request a brochure that describes the services they offer (or write to

ATTRA, P.O. Box 3657, Fayetteville, AR 72702). As an information junkie with a degree in library science, I could probably spend an entire week

in their resource library.

Small Farm Today Show

On our way back to Colorado, we’d take in the Small Farm

Today Seminar and Trade Show in Columbus, Missouri which takes place in

early November each year. The Show is sponsored by Small Farm Today

magazine and features workshops and seminars on topics such as

alternative crops, livestock, marketing, home-based businesses and rural

living. We’ve attended the show for the past two years and have

been able to meet and talk with the likes of Andy Lee and Joel Salatin.

You can call 800/633-2535 for more information about the Show.

Well, that’s about it for our “busman’s

holiday.” Of course, I’ve only scratched the surface of

farming and homestead-related places to visit in this country. For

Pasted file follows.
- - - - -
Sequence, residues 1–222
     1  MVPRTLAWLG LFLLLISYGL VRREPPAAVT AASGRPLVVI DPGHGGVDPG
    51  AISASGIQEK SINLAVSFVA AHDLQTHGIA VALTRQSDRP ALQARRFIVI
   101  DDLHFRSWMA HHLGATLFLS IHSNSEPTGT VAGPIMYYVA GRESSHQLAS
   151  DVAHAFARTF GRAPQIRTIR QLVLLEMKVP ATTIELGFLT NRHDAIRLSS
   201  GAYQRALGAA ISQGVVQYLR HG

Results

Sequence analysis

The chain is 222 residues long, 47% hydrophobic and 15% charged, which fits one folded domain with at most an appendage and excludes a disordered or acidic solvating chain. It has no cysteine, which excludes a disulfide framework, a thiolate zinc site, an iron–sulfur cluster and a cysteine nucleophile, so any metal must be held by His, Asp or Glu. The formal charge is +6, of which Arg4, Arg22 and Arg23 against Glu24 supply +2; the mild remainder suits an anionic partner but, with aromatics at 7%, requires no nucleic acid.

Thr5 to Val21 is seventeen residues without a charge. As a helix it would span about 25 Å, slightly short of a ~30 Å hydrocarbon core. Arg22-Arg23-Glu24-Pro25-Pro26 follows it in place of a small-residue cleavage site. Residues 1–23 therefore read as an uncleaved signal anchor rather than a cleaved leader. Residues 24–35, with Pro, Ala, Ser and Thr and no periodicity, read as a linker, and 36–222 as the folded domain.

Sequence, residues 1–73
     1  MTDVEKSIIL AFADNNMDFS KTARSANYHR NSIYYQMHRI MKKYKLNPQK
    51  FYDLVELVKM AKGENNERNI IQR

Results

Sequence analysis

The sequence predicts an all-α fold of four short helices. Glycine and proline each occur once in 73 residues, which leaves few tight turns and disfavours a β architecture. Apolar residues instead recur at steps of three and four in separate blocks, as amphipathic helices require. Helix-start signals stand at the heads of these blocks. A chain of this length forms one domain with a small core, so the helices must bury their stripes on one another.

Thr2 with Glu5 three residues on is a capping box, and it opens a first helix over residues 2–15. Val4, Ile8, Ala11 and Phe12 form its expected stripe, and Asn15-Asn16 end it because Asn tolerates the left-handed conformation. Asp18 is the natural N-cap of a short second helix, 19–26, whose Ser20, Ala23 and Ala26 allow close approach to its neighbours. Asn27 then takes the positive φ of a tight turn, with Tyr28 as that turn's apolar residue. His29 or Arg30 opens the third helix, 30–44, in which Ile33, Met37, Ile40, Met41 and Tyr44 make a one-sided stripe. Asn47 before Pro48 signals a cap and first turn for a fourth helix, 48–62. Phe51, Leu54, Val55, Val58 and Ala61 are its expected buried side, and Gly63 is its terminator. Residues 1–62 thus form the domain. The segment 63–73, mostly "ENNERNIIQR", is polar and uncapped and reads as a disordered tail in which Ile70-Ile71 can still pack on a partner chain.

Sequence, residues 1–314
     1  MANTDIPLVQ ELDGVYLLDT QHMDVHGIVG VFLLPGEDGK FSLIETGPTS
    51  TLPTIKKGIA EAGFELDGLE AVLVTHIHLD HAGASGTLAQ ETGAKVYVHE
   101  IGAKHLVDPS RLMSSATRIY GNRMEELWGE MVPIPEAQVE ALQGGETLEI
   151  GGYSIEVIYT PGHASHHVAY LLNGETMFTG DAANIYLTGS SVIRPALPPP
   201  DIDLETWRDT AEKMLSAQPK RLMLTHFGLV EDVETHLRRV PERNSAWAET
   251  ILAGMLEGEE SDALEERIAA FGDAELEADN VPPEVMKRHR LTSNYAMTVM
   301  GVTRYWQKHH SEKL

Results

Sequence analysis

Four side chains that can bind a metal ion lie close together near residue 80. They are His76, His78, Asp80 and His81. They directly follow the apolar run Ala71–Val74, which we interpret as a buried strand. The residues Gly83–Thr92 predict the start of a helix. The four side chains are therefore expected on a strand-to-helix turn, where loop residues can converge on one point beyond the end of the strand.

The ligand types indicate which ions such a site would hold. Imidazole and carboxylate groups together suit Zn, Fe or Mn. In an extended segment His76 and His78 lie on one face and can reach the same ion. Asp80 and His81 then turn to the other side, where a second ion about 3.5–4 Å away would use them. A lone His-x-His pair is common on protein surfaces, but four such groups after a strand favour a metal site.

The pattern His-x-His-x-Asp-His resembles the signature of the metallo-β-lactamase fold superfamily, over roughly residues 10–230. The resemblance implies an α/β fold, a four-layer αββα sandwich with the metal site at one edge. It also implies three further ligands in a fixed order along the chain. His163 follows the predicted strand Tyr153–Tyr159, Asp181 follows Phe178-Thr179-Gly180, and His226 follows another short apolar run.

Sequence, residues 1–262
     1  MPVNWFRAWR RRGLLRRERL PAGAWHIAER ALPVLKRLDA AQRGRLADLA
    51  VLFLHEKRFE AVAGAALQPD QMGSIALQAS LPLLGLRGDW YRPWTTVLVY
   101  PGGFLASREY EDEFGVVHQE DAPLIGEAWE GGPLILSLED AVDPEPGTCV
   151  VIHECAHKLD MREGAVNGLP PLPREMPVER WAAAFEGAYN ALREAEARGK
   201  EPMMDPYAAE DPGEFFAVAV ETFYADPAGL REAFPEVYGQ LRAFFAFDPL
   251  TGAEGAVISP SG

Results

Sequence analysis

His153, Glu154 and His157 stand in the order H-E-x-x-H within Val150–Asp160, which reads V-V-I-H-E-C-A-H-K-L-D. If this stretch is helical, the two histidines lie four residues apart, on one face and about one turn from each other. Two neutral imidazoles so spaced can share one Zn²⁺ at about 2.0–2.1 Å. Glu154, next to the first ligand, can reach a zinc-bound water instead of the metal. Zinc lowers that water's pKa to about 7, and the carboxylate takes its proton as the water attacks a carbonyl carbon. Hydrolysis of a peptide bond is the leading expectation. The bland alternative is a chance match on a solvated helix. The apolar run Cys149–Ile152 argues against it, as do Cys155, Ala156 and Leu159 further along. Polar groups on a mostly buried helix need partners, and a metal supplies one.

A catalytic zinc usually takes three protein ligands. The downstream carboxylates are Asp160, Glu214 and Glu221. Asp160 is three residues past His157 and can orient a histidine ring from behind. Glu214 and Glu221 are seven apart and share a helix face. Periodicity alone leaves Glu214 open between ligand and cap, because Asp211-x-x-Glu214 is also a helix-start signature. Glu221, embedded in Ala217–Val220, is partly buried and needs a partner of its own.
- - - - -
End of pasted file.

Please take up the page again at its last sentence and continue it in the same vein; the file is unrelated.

example, there are all the “living museum” farms and ranches,

places like Old Sturbridge Village where traditional farming and

homesteading skills are cherished and preserved. I guess we’ll have

to save those for our next dream vacation.

But what about Alaska?

As I was reading what I’d written out loud to my husband for

his comments, he got a somewhat pained look on his face. When I asked

him what was wrong, he said, “But, what about Alaska?”

OK, I admit that the preceding was more a description of my dream

vacation than his. Although he shares my enthusiasm for farming and

homestead-related vacation destinations, he’s not much for what he

calls my “tour bus” approach. So, in all fairness, here’s

my dear husband’s ideal vacation: We’d drive to Alaska and

fish all summer long.

Hmm. Well, I suppose while we were there we could visit the